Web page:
The decision to go without a captain, though, is something of a surprise, especially given what new head coach Todd McLellan endured during his final season in San Jose.

The Sharks’ captaincy issue — stripping Joe Thornton, then going with four rotating alternates — was an ongoing problem, something that players, coaches and GM Doug Wilson had to repeatedly address until it blew up in spectacular fashion.

That said, the circumstances in Edmonton are quite different.

It’s believed the club’s intentionally keeping the captaincy vacant, on the assumption that Connor McDavid will evolve into a superstar and the club’s unquestioned leader.

Finally, McLellan noted that with Eberle currently sidelined, a fifth Oiler would be added to the leadership group — veteran forward Matt Hendricks, who will serve as a temporary alternate.

Brandon Sutter didn’t have the greatest preseason

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When Brandon Sutter was acquired by the Vancouver Canucks, GM Jim Benning called the 26-year-old a “foundation piece for our group going forward.”

Sutter was quickly signed to a five-year extension worth almost $22 million, more evidence of how highly management thought of the player.

Fast forward to yesterday, when Benning was asked the following question:

“What does it say that you made the trade for Sutter, you called him a ‘foundation’ player, and it took him until the final night of the preseason to find a spot (with the Sedins) on the wing, which isn’t his natural position?”

Here was Benning’s response:

“Well, [head coach Willie Desjardins] wants to try that out, he thinks that’s going to be a good fit. At various times, the Sedins played with wingers with speed, with [Ryan Kesler], who could get in on the forecheck and had a good shot. Sutter brings some of those qualities, too.”

While all that may be true, Sutter was not signed to play the wing; he was brought in to play center, specifically on the second line. He finished the preseason with zero points in five games. And as mentioned, he’ll start the season on the wing, not his natural position.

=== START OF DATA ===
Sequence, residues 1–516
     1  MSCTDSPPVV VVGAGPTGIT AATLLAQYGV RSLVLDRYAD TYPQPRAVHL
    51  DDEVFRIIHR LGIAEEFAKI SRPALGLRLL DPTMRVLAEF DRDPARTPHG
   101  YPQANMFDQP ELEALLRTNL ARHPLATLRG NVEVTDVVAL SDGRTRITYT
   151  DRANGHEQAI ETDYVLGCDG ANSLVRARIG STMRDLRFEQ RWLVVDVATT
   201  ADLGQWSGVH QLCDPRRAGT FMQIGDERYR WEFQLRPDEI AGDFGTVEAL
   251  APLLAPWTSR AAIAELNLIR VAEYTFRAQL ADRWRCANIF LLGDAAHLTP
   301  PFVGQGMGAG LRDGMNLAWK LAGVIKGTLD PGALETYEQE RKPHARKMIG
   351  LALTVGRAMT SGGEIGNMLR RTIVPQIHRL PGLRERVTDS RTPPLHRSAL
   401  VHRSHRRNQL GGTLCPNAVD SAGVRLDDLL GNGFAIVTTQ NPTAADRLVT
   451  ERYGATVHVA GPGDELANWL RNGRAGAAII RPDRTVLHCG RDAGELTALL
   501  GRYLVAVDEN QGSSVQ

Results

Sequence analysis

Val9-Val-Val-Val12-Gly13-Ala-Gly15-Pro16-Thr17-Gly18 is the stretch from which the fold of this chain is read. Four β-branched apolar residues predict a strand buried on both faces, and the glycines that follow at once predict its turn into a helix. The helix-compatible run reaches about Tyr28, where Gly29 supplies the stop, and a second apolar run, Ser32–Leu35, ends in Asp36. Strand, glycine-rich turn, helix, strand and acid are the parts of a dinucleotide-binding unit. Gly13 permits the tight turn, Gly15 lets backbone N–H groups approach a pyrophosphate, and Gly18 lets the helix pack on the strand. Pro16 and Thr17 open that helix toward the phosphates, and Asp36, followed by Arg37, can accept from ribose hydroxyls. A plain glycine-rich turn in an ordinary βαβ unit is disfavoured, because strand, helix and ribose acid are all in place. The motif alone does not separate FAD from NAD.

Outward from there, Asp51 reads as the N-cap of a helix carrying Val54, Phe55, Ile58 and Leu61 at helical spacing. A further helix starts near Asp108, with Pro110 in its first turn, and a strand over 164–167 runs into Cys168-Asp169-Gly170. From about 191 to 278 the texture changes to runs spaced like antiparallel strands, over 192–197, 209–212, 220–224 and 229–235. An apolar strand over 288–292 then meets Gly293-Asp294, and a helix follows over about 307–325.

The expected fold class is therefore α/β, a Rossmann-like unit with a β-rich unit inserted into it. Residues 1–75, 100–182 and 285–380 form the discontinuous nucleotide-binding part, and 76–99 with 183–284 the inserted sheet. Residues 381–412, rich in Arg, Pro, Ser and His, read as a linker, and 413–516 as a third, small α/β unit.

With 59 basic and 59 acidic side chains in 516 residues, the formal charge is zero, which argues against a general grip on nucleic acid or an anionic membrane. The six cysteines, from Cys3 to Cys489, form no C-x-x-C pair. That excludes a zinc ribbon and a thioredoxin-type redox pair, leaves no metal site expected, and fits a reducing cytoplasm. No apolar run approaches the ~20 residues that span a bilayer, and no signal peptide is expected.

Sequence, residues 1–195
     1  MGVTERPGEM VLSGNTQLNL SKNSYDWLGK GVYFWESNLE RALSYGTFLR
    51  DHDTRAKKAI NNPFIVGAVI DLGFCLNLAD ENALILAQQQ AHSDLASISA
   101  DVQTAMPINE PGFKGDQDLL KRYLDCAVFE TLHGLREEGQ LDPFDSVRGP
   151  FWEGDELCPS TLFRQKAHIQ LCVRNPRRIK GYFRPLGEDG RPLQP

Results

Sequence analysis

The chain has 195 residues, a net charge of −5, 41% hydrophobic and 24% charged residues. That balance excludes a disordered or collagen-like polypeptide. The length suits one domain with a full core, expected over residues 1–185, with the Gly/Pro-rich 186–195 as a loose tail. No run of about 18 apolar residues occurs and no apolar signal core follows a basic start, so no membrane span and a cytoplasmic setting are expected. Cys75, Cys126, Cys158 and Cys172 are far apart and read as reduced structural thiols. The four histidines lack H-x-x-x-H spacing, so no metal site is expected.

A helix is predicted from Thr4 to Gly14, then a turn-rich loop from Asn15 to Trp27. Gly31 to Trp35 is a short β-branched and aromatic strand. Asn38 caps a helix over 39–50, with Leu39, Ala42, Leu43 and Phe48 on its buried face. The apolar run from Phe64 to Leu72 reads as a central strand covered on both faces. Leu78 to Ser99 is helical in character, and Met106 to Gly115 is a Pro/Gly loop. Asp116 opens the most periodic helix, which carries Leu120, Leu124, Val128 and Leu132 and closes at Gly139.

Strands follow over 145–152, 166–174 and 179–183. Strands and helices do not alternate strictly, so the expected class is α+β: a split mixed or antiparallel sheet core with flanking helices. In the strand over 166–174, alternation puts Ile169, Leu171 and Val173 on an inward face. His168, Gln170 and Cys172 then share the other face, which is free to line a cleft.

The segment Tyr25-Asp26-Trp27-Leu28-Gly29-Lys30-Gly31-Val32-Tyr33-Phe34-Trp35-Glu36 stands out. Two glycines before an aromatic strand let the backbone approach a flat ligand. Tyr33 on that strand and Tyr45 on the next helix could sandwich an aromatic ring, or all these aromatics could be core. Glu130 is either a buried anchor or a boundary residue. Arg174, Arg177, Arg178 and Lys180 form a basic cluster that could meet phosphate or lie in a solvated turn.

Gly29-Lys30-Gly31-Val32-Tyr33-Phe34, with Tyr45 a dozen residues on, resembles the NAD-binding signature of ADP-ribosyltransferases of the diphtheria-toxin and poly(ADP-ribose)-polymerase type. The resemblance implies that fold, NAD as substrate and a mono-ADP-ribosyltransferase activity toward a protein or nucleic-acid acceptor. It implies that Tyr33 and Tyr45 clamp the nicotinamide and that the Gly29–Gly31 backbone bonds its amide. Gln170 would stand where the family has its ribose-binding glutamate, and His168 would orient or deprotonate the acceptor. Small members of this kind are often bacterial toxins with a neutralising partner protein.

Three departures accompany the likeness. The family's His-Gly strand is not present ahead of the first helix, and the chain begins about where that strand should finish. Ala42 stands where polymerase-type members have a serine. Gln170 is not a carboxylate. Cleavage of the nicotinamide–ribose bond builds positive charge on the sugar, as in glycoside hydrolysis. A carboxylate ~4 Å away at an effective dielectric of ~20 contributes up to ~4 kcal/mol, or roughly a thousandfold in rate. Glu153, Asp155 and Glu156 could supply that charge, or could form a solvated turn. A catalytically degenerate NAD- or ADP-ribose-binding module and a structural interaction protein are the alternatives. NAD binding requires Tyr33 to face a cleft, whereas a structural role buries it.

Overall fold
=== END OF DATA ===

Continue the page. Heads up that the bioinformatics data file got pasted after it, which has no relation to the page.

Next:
Meanwhile, youngsters Bo Horvat, 20, and Jared McCann, 19, had outstanding camps and are expected to start the regular season (tonight in Calgary) centering the second and third lines, respectively.

Though Sutter did finish the preseason with 12 shots on goal, up there with the most on the Canucks, it’s fair to say he did not look like a “foundation” player.

“I haven’t seen him play his best,” Desjardins said last week. “I see a guy who’s big and a good skater and who understands the game real well, but just hasn’t got that involved.”

Now, we are only talking about the preseason here. New players often take time to get comfortable. Perhaps playing with the Sedins can provide Sutter with some confidence.

“I know he’ll be there and I totally believe that,” said Desjardins.

But it hasn’t been the best start, and if it wasn’t for the encouraging play of the youngsters, it would be a far bigger story in Vancouver.

Related: Canucks roll the dice on rookies, waive Vey and Corrado